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Jeremy Lin brings 'Linsanity' to Houston

By the CNN Wire Staff
updated 10:01 PM EDT, Thu July 19, 2012
  • "We made an error by letting him go," Rockets owner says
  • "I just think I'm going to have fun playing here," Lin tells CNN
  • Lin makes his media debut as a Houston Rocket Thursday
  • Being a role model for younger Asians is important, Lin says

Houston (CNN) -- For the God-fearing, Harvard-educated NBA star Jeremy Lin, it's deja vu all over again except for two things: This time he's entering Houston's Toyota Center with an fat paycheck in his pocket and inflated expectations in the stands.

"I still have to kind of remind myself that this is actually happening sometimes," Lin told reporters in Houston, where he was making his redux debut as a Rocket on Thursday before a phalanx of reporters and cameras after the New York Knicks failed to match Houston's three-year, $25 million offer for the point guard.

"But it's a huge blessing from God, and I can't believe how it all shaped up for me, and for me to be able to be here right now, I'm definitely excited and thankful."

Over the past seven months, the 6-foot-2, 200-pound, 23-year-old of Taiwanese descent has made quite a leap.

Lin was waived by the Golden State Warriors on December 9 and was picked up by Houston on December 12. He appeared in two pre-season outings with the Rockets before the team let him go on December 24.

The undrafted point guard then burst into the consciousness of the sports world in early February when then-Knicks coach Mike D'Antoni called him off the bench as the team was struggling with an 8-15 start.

As Lin's heroics led the Knicks on an improbable seven-game winning streak, "Linsanity" entered the national lexicon and Lin's previous employer was among the millions who were paying attention.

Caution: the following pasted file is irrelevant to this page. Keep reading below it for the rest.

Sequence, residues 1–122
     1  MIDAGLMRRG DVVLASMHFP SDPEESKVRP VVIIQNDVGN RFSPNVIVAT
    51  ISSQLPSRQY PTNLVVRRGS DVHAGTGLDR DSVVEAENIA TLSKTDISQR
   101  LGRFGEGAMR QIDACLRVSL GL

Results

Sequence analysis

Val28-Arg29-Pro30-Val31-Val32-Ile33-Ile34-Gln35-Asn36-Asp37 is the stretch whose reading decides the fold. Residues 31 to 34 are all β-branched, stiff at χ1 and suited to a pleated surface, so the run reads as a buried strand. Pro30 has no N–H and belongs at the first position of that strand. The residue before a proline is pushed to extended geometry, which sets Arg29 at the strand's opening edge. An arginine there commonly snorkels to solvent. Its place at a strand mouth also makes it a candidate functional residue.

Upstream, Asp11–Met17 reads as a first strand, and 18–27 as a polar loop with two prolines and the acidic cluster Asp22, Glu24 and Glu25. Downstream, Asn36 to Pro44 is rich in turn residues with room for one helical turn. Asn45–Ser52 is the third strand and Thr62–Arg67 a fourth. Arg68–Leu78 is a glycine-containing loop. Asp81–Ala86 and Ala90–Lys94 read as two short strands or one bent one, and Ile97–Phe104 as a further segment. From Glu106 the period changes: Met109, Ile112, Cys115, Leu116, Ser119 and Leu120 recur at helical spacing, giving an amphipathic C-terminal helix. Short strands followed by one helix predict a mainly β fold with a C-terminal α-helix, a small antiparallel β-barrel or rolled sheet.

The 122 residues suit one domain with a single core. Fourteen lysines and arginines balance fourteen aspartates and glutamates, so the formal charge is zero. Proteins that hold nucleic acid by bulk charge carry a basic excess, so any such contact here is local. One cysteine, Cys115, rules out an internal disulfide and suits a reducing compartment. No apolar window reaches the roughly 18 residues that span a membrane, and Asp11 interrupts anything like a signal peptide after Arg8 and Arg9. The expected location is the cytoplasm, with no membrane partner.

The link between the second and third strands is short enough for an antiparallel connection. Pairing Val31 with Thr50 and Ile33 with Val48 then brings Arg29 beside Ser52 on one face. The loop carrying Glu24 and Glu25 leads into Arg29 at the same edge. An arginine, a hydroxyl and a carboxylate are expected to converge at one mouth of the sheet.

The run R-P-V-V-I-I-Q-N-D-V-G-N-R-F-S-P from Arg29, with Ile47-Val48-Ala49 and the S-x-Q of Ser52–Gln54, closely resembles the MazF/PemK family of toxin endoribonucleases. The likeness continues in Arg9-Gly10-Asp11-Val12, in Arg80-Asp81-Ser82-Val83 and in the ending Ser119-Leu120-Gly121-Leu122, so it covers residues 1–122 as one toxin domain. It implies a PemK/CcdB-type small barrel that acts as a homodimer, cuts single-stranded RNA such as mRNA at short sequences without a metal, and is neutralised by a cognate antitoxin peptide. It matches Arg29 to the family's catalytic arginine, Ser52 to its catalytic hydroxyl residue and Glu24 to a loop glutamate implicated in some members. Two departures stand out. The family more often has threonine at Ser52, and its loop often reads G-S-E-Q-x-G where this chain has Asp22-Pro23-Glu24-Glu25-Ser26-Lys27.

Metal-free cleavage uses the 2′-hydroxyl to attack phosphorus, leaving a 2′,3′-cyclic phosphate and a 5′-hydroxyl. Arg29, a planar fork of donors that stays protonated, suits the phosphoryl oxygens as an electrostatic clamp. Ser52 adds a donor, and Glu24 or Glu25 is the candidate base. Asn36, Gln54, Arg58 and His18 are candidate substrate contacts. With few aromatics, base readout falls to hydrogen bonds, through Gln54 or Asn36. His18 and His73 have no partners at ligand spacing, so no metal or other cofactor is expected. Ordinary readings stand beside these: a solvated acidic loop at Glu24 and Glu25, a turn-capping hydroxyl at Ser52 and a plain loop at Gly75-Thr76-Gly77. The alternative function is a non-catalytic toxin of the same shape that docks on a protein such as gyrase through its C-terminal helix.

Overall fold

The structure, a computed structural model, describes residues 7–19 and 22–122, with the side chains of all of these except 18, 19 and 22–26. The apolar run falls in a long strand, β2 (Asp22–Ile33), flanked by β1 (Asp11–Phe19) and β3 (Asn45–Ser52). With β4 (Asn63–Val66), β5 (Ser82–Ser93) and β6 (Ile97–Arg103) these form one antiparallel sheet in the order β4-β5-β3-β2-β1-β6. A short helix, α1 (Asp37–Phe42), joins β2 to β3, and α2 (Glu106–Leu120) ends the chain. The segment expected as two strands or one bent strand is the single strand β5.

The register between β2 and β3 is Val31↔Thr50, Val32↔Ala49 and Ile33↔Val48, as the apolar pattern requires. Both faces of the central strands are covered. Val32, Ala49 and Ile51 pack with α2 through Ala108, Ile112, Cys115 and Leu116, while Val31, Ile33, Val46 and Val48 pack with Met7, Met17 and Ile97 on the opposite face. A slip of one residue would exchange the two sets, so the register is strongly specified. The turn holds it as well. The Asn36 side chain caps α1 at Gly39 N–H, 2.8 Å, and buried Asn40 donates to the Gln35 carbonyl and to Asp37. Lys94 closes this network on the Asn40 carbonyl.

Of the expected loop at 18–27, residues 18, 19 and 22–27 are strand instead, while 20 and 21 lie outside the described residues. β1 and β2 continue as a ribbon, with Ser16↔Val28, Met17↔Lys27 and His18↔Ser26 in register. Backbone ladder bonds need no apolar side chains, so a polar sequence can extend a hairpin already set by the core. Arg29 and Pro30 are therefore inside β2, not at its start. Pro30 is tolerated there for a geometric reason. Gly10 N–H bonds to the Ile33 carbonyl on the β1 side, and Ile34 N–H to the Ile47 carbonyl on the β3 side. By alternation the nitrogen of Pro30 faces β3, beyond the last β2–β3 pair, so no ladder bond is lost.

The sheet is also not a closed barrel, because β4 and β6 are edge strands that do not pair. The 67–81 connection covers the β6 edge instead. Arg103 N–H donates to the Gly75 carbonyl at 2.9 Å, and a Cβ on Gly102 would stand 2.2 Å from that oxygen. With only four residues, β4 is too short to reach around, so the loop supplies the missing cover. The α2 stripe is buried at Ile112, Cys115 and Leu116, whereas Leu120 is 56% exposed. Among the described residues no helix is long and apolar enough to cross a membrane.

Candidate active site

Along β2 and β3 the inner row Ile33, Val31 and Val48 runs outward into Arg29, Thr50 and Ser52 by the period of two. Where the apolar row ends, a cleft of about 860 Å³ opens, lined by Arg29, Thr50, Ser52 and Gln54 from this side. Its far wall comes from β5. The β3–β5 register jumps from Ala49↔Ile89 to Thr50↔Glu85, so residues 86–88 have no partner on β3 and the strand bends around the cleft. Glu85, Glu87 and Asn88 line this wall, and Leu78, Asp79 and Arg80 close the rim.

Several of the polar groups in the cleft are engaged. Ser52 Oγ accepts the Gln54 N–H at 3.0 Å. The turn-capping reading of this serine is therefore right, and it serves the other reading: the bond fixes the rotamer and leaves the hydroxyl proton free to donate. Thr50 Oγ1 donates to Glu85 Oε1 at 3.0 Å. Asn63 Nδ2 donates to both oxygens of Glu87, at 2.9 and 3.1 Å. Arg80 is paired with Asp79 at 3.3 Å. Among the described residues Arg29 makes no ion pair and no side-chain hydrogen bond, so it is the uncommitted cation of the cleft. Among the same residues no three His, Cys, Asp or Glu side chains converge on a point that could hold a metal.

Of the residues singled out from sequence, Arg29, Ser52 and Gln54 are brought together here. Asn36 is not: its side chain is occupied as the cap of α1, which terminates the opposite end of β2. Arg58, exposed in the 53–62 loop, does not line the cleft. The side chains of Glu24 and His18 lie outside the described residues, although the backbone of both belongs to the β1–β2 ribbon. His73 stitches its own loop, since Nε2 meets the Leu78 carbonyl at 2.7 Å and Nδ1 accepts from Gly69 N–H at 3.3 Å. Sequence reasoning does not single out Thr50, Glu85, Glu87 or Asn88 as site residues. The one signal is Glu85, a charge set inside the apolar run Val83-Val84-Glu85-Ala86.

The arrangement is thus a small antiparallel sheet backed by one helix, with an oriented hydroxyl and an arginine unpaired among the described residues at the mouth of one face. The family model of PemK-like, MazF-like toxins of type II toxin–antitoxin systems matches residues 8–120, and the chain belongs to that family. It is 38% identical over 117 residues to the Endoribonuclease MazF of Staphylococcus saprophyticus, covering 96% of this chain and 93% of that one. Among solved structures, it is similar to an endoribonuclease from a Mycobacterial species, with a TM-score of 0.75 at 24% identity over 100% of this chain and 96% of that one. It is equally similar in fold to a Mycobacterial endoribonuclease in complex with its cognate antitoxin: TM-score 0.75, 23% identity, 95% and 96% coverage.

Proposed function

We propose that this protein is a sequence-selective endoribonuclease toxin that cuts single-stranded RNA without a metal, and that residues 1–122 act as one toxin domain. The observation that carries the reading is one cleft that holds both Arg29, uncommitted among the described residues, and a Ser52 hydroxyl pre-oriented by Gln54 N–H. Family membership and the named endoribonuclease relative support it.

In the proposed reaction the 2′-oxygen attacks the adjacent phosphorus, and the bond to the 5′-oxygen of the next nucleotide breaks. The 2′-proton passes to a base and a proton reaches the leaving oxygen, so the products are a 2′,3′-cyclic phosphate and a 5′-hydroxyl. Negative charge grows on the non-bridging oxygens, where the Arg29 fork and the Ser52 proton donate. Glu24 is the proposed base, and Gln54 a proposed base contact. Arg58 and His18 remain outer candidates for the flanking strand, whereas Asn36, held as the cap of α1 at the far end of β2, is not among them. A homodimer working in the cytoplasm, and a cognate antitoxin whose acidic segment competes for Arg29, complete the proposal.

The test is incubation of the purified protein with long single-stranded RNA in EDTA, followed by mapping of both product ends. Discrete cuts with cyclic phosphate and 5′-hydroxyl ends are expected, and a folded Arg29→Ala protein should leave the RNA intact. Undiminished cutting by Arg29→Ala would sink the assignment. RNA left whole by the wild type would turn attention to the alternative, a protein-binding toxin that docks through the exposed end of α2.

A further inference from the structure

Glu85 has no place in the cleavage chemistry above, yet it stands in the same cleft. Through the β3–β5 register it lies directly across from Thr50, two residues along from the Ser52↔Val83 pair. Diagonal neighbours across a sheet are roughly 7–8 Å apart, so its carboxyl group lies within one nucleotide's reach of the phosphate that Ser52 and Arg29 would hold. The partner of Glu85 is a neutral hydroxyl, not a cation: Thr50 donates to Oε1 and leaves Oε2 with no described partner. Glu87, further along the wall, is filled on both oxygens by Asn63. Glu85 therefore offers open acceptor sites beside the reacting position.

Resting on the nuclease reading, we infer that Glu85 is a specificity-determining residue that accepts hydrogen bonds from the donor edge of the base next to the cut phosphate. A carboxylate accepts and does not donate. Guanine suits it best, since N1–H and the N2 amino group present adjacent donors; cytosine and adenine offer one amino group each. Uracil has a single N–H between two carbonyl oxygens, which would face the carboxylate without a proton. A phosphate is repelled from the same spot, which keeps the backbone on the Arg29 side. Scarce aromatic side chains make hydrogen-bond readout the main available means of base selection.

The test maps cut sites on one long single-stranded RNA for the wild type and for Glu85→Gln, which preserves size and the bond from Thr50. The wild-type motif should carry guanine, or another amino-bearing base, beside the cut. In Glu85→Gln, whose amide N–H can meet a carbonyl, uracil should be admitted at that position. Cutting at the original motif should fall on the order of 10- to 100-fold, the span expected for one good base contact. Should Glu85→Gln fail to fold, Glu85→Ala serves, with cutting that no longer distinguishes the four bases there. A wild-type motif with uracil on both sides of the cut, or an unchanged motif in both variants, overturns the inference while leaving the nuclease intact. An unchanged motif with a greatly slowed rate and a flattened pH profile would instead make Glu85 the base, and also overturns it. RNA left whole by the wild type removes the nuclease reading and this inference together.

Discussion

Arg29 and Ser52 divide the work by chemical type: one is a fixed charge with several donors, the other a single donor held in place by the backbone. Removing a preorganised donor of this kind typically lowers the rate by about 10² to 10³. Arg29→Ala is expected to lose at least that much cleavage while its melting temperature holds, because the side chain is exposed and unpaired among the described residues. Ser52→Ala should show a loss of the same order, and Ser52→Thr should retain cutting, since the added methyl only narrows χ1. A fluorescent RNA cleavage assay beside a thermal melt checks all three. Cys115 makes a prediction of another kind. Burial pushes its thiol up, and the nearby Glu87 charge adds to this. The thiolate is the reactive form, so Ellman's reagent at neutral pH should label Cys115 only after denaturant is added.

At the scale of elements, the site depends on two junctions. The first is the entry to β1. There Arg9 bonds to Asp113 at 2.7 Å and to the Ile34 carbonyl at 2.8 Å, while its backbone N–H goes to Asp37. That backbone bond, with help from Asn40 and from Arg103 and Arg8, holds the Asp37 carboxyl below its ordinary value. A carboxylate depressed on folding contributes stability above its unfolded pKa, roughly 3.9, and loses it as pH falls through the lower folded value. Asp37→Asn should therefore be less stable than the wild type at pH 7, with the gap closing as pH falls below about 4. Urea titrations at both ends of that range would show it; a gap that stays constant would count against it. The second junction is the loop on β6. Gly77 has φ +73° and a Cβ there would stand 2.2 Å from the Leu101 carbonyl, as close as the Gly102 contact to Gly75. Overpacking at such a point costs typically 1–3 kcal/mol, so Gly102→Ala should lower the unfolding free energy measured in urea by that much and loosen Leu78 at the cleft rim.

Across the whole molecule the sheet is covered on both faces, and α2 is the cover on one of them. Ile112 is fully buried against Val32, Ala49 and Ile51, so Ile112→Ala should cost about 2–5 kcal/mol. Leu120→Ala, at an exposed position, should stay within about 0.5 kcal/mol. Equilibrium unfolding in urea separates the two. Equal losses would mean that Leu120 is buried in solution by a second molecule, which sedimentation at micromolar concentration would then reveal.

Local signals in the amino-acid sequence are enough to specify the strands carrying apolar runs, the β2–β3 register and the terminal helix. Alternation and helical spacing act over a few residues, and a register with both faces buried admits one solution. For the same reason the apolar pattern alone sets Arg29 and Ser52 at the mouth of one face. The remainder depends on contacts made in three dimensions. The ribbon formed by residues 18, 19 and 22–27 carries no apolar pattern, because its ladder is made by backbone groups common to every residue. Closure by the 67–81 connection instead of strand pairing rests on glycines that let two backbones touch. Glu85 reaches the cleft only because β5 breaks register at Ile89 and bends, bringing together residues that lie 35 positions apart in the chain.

"We made an error by letting him go, and I think we rectified it now," Houston Rockets owner Leslie Alexander told reporters Thursday.

Lin said the Rockets' approach came as a welcome surprise. "I didn't know that they were that interested, but when I heard I was excited, just because I knew what the franchise was about."

And this time, he won't be sleeping on a teammate's couch, as he did last year when he was just trying to make a roster.

"It's definitely nice to be able to have more job security," he said. "It isn't necessarily the amount of dollars; it's the fact that I signed a three-year deal so I get to play this game in the NBA for three more years. I don't think it's all about money, but I think, at the same time, how much they put shows their investment and their belief in you as a player."
As for Houston, "I've heard the fans here are very loyal and very crazy," Lin told CNN's Mark McKay. "I'm going to have fun playing here. However big the spotlight is, as long as me and my teammates are having fun playing basketball, that's really all that matters."

Asked if he was concerned he might prove to be a flash in the pan and not a perennial all-star, Lin said, "No one has the answer to that question. The only thing I can tell them is I'm going to work as hard as I can and I'm going to buy into this team and I'm going to try to help the team become as good as we can. It's not about how many times you can become an all-star, it's about your own team's success."

Lin said retired Rocket Yao Ming, a Chinese basketball star, sent him a text message of congratulations after his return to Houston was announced.

"I've always had so much respect for him," Lin said. "I would watch him when I was a kid, anytime he would come to the Bay area, I would buy tickets and go watch him play."

But now, the economics major is thinking about his own brand and, ultimately, his legacy. "When I'm done playing basketball, I want people to think of me a certain way, and that is to play basketball the right way, play as a team, play unselfishly, play hard and then, off the court, to really serve and love other people. That's where I want to go in terms of the brand."

Being a role model for younger Asians is also important for him, Lin said.

NBA stars have game off the court, too

"I have a strong desire in my heart to be able to break certain stereotypes about Asians and Asian-Americans, especially in sports," he said. "I just think as time goes on, I think we'll start to see more Asian-Americans in sports. Hopefully, we will be able to continue to earn more and more respect when it comes to sports."

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